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Pollution threatens Gulf of Tonkin

Update: January, 16/2012 - 10:13

 

International tourists travel by boat along the Mekong River to visit gardens in the southern province of Vinh Long. Joint efforts are needed to tackle pollution along cross-border rivers. — VNA/VNS Photo Anh Tuan
HA NOI — Viet Nam's coastal region of West Bac Bo (Tonkin) Gulf, adjacent to China and other Asian countries, suffers from transboundary environmental pollution and joint efforts are being urged to tackle this problem.

Researcher Luu Van Dieu, from the Institute of Marine Environment and Resources, said cross-border rivers including the Red, Ma and Ca rivers were major sources of pollutants poured into the gulf.

According to a country report by United Nations Environment Programme, Viet Nam's marine pollution issue dates back to 2004. Every year since then, the Red River alone brings to the gulf 232,000 tonnes of biochemical oxygen demand (BOD), 353,000 tonnes of chemical oxygen demand (COD), 31,000 tonnes of nitrogen, over 7,000 tonnes of phosphate, over 4,000 tonnes of heavy metals, 210 tonnes of fertiliser and about 13,000 tonnes of oil.

BOD and COD are two different ways of measuring how much oxygen will be depleted from the water. In both cases the oxygen-consuming substances are mainly of organic origin.

Waste from the river made up 95 per cent of the total pollutants discharged from this part of territory where the river runs through, the report said.

Dieu said that the stream flowing into the gulf led the transboundary pollution not just in the countries adjacent to the gulf and offshore area. There was also evidence of oil spills, marine waste and pollutants.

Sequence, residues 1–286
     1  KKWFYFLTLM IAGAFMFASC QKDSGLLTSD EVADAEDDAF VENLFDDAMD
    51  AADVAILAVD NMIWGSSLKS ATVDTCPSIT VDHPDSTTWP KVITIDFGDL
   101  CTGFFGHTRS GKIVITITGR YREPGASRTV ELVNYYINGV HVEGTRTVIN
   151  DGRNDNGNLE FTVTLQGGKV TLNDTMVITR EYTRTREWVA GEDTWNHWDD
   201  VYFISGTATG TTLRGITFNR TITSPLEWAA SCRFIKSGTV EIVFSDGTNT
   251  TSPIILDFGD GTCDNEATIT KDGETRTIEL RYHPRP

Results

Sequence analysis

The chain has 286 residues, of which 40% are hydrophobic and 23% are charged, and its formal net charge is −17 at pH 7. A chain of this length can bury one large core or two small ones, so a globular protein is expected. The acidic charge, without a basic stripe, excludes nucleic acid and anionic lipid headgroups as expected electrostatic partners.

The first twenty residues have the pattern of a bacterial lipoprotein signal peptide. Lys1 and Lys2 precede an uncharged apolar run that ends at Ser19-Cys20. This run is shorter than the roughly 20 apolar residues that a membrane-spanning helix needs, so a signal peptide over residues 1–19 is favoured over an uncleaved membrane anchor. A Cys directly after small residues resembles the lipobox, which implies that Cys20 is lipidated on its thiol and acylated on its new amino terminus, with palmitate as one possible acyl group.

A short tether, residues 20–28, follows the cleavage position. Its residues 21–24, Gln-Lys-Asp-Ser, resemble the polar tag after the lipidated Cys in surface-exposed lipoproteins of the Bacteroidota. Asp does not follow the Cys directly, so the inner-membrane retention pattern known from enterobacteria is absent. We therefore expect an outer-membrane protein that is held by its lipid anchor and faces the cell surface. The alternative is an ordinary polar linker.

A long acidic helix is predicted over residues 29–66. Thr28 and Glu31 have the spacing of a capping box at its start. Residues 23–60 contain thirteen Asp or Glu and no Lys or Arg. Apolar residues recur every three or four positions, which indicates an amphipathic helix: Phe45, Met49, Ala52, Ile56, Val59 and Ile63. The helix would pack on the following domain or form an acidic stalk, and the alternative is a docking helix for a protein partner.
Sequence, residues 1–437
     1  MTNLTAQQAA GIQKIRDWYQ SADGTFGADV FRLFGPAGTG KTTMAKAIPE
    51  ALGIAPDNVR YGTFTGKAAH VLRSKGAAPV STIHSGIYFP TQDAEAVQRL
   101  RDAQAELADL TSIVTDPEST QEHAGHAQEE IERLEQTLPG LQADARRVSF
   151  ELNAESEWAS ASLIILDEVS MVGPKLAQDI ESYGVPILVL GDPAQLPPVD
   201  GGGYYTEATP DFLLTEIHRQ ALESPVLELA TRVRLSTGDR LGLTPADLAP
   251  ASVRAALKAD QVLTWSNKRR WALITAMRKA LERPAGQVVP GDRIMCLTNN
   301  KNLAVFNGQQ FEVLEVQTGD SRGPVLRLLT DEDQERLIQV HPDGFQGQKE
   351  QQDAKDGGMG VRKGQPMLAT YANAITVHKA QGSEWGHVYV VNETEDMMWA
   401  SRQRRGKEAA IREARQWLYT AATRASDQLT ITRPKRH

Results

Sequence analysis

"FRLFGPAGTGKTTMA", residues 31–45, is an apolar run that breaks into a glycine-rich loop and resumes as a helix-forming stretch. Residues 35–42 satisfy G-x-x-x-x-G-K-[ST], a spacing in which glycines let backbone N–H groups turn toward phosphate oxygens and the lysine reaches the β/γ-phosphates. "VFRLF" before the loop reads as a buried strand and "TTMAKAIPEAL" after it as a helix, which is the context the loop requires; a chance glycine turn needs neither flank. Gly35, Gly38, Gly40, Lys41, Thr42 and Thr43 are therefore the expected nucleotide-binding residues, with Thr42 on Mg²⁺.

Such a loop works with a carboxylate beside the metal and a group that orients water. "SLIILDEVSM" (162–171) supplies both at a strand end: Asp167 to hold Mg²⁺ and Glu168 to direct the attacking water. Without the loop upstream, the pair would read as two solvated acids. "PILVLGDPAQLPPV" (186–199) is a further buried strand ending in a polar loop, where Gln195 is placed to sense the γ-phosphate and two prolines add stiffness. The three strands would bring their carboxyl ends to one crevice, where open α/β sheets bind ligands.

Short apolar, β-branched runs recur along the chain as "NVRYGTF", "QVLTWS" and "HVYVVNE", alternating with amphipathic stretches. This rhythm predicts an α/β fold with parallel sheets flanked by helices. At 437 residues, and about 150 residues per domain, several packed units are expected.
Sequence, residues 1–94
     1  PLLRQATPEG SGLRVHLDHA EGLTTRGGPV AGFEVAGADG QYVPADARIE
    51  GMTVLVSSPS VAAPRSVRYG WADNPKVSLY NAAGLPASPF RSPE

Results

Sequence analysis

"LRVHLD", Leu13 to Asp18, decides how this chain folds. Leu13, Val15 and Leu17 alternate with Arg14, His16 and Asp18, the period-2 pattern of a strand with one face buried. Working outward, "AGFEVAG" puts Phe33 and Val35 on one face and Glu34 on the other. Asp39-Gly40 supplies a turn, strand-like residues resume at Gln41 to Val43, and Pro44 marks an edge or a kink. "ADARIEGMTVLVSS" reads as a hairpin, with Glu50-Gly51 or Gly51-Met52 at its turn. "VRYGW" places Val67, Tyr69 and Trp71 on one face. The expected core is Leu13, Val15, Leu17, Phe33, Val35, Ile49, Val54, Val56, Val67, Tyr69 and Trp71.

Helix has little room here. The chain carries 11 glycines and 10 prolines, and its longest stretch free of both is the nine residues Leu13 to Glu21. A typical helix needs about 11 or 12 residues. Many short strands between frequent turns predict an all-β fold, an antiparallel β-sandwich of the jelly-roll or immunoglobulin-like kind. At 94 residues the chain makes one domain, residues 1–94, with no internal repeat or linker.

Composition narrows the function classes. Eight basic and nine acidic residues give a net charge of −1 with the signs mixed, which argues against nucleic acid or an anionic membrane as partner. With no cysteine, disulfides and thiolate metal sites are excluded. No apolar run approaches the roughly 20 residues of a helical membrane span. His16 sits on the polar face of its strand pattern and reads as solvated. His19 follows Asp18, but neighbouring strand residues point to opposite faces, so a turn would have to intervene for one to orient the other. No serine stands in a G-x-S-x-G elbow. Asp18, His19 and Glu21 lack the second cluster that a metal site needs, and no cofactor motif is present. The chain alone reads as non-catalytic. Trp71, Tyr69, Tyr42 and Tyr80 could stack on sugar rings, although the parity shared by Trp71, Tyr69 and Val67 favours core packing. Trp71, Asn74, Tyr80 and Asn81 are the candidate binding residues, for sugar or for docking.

It is reported that in the last 25 years, about 140 oil spills occurred in the western region of the gulf. In late January and early February of 2007, oil spills were seen in coastal areas of the central provinces Ha Tinh and Quang Binh before spreading to the south. The accumulative collected oil was more than 1,700 tonnes.

"Up to 77 per cent of oil spills in Viet Nam's waters have yet to be dealt with, or properly compensated," Dieu said, adding that it was due to poor management and insufficient legal framework.

Raised awareness and capacity to manage transboundary pollution were necessary, he said.

Domestic and international co-operation among countries and organisations could help minimise the impact of transboundary pollution, he emphasised.

Dr Dinh Van Huy from the institute also said that so far, there were few insightful studies completed on this issue.

Investing in observation and assessing the current situation were necessary first steps, he said, adding that the institute submitted a proposal for requesting funding further research.

More observation stations should be set up along coastal lines and along the upper parts of rivers, facilitating a proper data base for assessment of the current situation and forecast changes in the coastal areas. — VNS

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